He came into our lives unexpectedly. He captured our hearts as well as those of our neighbors and strangers who became friends.
It began on a cold wintry night, about 15 years ago, in a forest area just behind our house in Kew Gardens, Queens (We live just behind Forest Park, the last great project of the city of Brooklyn in the 1890s before it was swallowed by New York City). My wife was coming home after yet another dreadful ride on the horrific state-run New York City subways.
She heard a few meows, then stopped and looked into the woods. Out from behind the trees came a friendly cat who was formally attired. He was primarily black with a touch of white. He was apparently looking for a home or perhaps had become confused about where a formal event was being held.
And, even though we already had two cats, my wife, the ever comely Suzanne Hall, was captivated by his friendliness. He seemed more like a dog than a cat. It was a friendliness that immediately struck almost everyone who came in contact with him, even people who had been previously convinced that cats were evil or unfriendly. Maybe it was Tuxedo’s snappy appearance. He was a sleek long black cat with a little bit of white. He looked like…well, he looked like a Tuxedo. (See photo)
So began a special chapter in our lives, our special time with a wonderful friend. He took a little while to become a beloved member of our family. At first, he ran wild around our small apartment here in the heart of Bunkerland, encouraging the other two cats of the house to become a thundering herd of feline mayhem. He could be a young pain at times, knocking things over unlike most other cats who, unless it was meal time, usually had only two speeds: slow and slower.
But although my wife immediately recognized that Tuxedo was an extraordinary creature when she started walking him like a dog in the yard, it took me a little while to understand that he was unique. What got my attention was that, whenever I went to the door, Tuxedo was always with me. He wanted to go out as frequently as a dog, which meant just about all the time. Tuxedo also loved to go sun bathing (See photo above).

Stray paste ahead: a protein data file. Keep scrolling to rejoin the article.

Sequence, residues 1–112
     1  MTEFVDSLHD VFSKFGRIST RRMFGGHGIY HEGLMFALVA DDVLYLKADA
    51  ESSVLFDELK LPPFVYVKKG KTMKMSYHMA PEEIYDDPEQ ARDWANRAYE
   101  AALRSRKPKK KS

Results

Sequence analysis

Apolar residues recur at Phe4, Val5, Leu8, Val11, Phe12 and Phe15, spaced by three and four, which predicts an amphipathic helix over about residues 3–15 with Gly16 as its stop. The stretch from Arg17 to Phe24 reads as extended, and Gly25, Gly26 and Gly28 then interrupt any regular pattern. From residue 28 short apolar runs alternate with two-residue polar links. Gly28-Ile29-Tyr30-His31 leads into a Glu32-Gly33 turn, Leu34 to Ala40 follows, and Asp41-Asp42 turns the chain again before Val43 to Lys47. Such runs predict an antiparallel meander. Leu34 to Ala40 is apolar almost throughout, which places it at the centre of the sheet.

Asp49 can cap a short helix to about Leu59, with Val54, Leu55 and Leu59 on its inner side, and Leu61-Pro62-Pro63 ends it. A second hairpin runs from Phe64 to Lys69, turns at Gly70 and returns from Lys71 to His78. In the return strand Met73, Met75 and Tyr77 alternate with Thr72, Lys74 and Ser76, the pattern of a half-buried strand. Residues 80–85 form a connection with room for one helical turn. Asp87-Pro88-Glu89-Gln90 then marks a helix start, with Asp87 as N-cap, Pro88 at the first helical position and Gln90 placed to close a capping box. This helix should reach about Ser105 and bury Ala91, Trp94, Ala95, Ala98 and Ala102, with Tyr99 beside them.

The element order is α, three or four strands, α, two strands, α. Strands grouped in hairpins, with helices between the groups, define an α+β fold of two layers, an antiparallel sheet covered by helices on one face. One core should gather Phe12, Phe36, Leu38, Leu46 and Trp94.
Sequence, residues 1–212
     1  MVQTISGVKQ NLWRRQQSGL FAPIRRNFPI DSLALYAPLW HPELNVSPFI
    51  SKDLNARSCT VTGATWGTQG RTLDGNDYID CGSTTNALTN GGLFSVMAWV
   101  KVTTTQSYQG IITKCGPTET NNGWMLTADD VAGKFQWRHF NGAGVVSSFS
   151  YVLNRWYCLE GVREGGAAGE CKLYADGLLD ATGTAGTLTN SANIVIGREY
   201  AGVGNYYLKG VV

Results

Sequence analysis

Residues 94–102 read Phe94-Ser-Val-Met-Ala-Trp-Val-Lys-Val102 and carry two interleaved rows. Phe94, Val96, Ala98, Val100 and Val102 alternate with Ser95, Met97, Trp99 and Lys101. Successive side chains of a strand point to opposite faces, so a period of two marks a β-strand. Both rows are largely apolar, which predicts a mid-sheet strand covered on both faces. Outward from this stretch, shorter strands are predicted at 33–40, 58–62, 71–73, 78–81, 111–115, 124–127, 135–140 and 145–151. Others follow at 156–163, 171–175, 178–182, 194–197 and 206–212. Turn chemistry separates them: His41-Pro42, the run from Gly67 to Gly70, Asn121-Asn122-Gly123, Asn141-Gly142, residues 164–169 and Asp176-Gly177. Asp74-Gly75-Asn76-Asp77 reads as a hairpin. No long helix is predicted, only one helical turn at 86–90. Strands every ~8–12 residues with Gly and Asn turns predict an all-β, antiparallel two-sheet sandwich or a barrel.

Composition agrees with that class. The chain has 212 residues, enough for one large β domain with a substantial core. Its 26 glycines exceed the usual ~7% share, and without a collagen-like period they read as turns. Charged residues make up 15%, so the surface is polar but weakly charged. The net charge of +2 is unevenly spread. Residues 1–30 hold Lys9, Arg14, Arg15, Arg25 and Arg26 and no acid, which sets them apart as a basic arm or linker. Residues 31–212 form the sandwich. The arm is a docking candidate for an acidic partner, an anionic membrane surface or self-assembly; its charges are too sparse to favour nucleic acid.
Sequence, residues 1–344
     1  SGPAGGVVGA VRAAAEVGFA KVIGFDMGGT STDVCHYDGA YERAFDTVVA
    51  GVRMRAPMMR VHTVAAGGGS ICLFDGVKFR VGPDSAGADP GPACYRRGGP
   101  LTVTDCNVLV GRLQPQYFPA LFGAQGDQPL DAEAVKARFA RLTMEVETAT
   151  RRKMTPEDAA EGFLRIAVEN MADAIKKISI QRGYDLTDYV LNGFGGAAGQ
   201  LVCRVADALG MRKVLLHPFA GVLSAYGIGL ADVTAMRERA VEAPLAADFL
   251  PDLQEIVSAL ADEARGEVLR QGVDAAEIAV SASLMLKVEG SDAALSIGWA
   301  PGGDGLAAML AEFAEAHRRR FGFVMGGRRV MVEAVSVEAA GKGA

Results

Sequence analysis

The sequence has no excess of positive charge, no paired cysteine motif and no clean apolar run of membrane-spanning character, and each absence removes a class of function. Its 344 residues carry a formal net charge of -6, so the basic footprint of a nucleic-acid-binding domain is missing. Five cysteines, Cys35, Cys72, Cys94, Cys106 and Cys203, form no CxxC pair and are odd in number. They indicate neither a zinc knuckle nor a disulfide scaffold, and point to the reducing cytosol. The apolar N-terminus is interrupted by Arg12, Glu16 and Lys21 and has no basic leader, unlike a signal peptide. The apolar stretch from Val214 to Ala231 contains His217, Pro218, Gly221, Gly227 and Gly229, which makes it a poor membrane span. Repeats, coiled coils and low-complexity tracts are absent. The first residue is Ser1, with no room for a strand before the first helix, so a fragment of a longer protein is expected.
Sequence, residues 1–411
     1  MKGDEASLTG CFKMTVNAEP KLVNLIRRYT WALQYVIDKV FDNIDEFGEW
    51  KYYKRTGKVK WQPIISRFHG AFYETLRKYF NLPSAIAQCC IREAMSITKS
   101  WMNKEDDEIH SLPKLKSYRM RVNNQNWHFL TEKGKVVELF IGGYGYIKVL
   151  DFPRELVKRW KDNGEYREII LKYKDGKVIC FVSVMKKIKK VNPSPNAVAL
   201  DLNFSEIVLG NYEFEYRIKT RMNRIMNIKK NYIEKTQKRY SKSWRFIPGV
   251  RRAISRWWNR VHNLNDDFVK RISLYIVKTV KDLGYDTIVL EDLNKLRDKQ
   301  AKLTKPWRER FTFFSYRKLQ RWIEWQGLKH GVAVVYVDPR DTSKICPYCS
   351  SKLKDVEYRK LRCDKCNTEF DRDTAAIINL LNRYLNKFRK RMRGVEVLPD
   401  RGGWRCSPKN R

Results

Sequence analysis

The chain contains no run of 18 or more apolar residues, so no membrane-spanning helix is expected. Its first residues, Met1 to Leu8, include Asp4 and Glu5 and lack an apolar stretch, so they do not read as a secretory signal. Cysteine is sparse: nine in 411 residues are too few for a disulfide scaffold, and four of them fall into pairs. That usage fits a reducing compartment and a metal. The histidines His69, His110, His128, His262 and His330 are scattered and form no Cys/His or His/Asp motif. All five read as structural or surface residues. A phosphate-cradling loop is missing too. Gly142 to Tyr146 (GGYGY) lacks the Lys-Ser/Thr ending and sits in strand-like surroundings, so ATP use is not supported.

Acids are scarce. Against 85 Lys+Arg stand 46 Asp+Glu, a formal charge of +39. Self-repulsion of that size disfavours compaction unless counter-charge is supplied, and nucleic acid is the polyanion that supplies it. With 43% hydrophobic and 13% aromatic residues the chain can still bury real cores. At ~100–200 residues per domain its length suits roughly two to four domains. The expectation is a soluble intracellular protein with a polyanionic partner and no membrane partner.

Once, going outside to take some garbage to the incinerator, Tuxedo, who came out with me in the hall to protect me against any criminal elements, did something extraordinary. As I scooped him up to take him back inside, he reached out with a paw to touch my beard. It was a soft, affectionate touch, the touch of a lover. It felt like he was stroking me. It was as though I was his pet instead of the other way around. He was an amazing little creature.
Tuxedo also developed a comfort level with being cradled in my arms, which many cats don’t. As I held him, he was completely at ease. If Suzanne were passing, he would reach out as if to say, “Here I am. I feel so secure that I think I’ll take a nice great big stretch.”
Tuxedo was remarkably at ease around us and everyone, especially strangers who were usually charmed by the Welcome Wagon cat. But he provided limitless charms for us, who were lucky enough to adopt him, or possibly it was the other way around since he was an atypical cat. He would jump into bed with us.
He also seemed to think I—no matter where I was—was a big comfortable bed and would lie all over me. (See photo) Indeed, the night before his death, he was lying on my legs on the living room couch, something that he had done so many times before. I wish he could do it again forever.
My favorite Tuxedo trait was when I would be lying on the couch dosing. He would come up on the couch, finding the smallest space possible next to me and squeeze in for an hour or so. As I was dosing, I could hear this lovely purring. It was very relaxing to have my little friend so close. And when I was reading on the couch or a chair, there would be Tuxedo, lying right in my lap for hours at a time. At times, he would knead me, then fall asleep on my chest. Some of my other cats would join. (See photo).
To this day, Portia, one of the other cats, likes to lie all over me. She learned that from Tuxedo.